Geothermal energy

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  • Geothermal energy

    1. 1. Geothermal Energy<br />Honors Earth Science 2010-2011<br />
    2. 2. What is it?<br />Two Greek words in it<br />geo means earth and thermal means heat<br />Basically, it is using water heated within the earth and using it for energy.<br />
    3. 3. How it works<br />These are the steps to making geothermal energy:<br />We drill holes into a hot area where there is a lot of hot water<br />The steam from the water then climbs up into pipes that are used<br />The water is then decontaminated and used to power the turbine in which it goes through<br />The turbines, running on the steam then power electric generators which are used to power a place<br />
    4. 4. Geothermal Power plants Designs<br />There are three designs of geothermal power plants:<br />Dry Steam: steam is goes into a turbine and then a condenser where it condenses to water<br />Flash Steam: in order for the water to turn to steam, the water is depressurized, then it is used to power a generator<br />Dry Steam<br />Flash Steam<br />
    5. 5. Geothermal Power plants Designs (continued)<br />Binary System: the hot water is passed through a heat exchanger where the heat from the water is used to heat another liquid such as isobutane. Then the isobutane is heated a temperature where it can be easily transformed into steam.<br />Binary System<br />
    6. 6. Types of Loops<br />Vertical Loop: This example is used when there is not a lot of land available. A drill then drills a 150-200 foot hole. A pipe is then inserted and the hole is then filled with a sealer.<br />Horizontal Loop: This loop is used when there is a lot of land. Excavation material is used to dig 6-8 feet deep trenches that are 100 to 300 feet long<br />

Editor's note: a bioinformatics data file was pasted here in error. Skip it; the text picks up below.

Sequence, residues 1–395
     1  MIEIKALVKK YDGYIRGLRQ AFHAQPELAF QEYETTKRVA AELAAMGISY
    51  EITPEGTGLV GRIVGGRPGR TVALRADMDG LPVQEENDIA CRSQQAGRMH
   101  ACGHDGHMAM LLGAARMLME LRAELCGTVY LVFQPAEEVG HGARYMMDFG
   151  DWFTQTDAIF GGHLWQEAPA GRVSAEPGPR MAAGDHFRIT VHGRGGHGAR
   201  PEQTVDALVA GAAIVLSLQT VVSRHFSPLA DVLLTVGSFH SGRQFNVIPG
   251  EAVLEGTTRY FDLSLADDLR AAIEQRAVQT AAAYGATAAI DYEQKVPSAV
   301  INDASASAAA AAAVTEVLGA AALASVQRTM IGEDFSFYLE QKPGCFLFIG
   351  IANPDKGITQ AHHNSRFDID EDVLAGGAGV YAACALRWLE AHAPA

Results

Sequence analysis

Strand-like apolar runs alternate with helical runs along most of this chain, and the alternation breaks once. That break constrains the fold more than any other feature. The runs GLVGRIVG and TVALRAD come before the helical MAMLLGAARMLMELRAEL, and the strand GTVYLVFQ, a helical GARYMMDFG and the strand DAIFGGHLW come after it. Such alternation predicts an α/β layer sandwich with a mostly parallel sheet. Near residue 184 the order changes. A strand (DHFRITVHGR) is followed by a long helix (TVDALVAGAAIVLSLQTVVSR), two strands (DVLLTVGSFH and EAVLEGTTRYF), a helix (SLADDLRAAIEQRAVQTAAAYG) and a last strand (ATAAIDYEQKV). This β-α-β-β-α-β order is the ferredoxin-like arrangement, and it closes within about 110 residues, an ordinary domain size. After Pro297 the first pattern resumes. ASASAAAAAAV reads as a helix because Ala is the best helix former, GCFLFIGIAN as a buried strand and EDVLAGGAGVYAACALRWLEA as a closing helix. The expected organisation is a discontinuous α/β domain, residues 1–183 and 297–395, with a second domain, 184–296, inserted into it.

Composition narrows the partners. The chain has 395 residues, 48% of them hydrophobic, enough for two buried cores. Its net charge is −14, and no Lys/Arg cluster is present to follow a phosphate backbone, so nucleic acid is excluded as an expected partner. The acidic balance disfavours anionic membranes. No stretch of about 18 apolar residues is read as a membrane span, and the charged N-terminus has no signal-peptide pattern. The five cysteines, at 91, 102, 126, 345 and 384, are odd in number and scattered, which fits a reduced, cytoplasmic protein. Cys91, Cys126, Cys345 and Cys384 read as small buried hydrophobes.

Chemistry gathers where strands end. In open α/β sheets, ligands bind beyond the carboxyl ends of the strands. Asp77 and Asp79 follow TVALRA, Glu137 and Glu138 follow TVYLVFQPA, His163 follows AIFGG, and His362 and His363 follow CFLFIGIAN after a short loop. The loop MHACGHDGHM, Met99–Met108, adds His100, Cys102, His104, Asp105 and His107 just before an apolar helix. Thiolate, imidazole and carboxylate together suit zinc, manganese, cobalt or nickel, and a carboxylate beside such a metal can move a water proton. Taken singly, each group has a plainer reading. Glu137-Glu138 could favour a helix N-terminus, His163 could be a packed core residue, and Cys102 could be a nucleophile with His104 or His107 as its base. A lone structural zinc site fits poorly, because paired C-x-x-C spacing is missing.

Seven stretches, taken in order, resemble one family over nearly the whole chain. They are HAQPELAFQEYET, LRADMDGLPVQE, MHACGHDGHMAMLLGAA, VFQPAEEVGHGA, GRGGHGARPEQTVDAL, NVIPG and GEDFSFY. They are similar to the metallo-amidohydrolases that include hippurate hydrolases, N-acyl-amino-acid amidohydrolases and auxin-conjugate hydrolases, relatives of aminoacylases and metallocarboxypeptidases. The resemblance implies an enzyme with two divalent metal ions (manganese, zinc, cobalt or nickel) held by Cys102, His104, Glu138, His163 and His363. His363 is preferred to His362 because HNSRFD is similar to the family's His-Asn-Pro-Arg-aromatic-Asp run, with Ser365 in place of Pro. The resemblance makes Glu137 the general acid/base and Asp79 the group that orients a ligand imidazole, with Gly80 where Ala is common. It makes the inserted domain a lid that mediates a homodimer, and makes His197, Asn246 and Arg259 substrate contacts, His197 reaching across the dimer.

7. 7. Types of Loops (Continued)<br />Pond Loop: This is most common when there is a ½ acre wide and 8-10 foot deep body of water nearby. The pipe coils are most commonly 300 to 500 feet in length and are placed at the bottom of the water.<br />Open Loop: This like the pond is used when there is a body of water around but in the open loop, there must be enough water to provide 4 to 8 gallons of water a minute. There must also be a discharge drain <br />
    8. 8. Sources<br />Works Cited <br /> Binary cycle. N.d.Union of Concerned Scientists. Union of Concerned Scientists, n.d. Web. 20 May 2011. <http://www.ucsusa.org/​clean_energy/​technology_and_impacts/​energy_technologies/​how-geothermal-energy-works.html>.<br />Dry Steam. N.d.Union of Concerned Scientists. Union of Concerned Scientists, n.d. Web. 20 May 2011. <http://www.ucsusa.org/​clean_energy/​technology_and_impacts/​energy_technologies/​how-geothermal-energy-works.html>.<br />Flash Steam. N.d.Union of Concerned Scientists. Union of Concerned Scientists, n.d. Web. 20 May 2011. <http://www.ucsusa.org/​clean_energy/​technology_and_impacts/​energy_technologies/​how-geothermal-energy-works.html>.<br />Geothermal Energy. N.d.BBC. British Broadcasting Company, n.d. Web. 17 May 2011. <http://news.bbc.co.uk/​2/​hi/​uk_news/​england/​cornwall/​3937771.stm>.<br />Geothermal Energy. N.d.DebatePedia. N.p., n.d. Web. 17 May 2011. <http://debatepedia.idebate.org/​en/​index.php/​Debate:_Geothermal_energy>.<br />Geothermal Energy. N.d.Going Eco Green.  GoingEcoGreen, n.d. Web. 17 May 2011. <http://www.goingecogreen.com/​go-green-videos/​geothermal-energy/>.<br />Renew Mechanical Inc. “Geothermal Energy.” Renew Mechanical Inc.N.p., 2010. Web. 24 May 2011. <http://www.renewmechanical.com/​geo_energy.htm>.<br />Union of Concerned Scientists. “How Geothermal Energy Works .” Union of Concerned Scientists . Union of Concerned Scientists, 16 Dec. 2009. Web. 20 May 2011. <http://www.ucsusa.org/​clean_energy/​technology_and_impacts/​energy_technologies/​how-geothermal-energy-works.html>.<br />U.S. Department of Energy. “How a Geothermal Power Plant Works (Simple).”  U.S. Department of Energy The Office of Energy Efficiency and Renewable Energy.  U.S. Department of Energy The Office of Energy Efficiency and Renewable Energy, n.d. Web. 11 Apr. 2006.<br />U.S. Energy Information Administration. “Renewable Geothermal.” Energy Kids. U.S. Energy Information Administration, n.d. Web. 17 May 2011. <http://www.eia.doe.gov/​kids/​energy.cfm?page=geothermal_home-basics>.<br />

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